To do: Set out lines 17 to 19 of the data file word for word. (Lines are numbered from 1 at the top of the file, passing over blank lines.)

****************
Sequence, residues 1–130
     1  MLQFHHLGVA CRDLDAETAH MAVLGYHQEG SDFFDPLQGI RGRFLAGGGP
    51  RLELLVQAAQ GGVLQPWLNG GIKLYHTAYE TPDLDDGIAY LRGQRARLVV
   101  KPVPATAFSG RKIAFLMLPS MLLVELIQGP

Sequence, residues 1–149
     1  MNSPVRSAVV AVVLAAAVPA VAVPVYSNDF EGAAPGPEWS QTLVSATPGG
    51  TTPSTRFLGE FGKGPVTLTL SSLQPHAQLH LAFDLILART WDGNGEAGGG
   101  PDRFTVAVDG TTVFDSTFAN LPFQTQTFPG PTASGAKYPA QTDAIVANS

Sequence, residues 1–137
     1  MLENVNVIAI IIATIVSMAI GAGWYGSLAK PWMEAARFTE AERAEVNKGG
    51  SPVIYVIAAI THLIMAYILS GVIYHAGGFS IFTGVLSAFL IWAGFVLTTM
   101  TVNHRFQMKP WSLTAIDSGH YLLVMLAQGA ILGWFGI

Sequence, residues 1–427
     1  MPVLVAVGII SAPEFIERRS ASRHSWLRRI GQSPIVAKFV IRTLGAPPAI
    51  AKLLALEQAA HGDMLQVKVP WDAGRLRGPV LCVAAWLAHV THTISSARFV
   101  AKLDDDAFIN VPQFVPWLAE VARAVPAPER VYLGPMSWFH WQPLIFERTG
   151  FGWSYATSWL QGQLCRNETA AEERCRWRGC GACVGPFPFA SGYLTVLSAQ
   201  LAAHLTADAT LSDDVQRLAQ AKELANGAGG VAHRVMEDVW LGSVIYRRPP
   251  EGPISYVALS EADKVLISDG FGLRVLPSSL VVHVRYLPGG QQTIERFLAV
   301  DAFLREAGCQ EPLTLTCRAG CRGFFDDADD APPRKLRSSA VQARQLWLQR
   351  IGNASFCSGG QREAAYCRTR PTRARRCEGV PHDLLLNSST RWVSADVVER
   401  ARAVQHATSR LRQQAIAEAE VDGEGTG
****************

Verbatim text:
   151  FGWSYATSWL QGQLCRNETA AEERCRWRGC GACVGPFPFA SGYLTVLSAQ
   201  LAAHLTADAT LSDDVQRLAQ AKELANGAGG VAHRVMEDVW LGSVIYRRPP
   251  EGPISYVALS EADKVLISDG FGLRVLPSSL VVHVRYLPGG QQTIERFLAV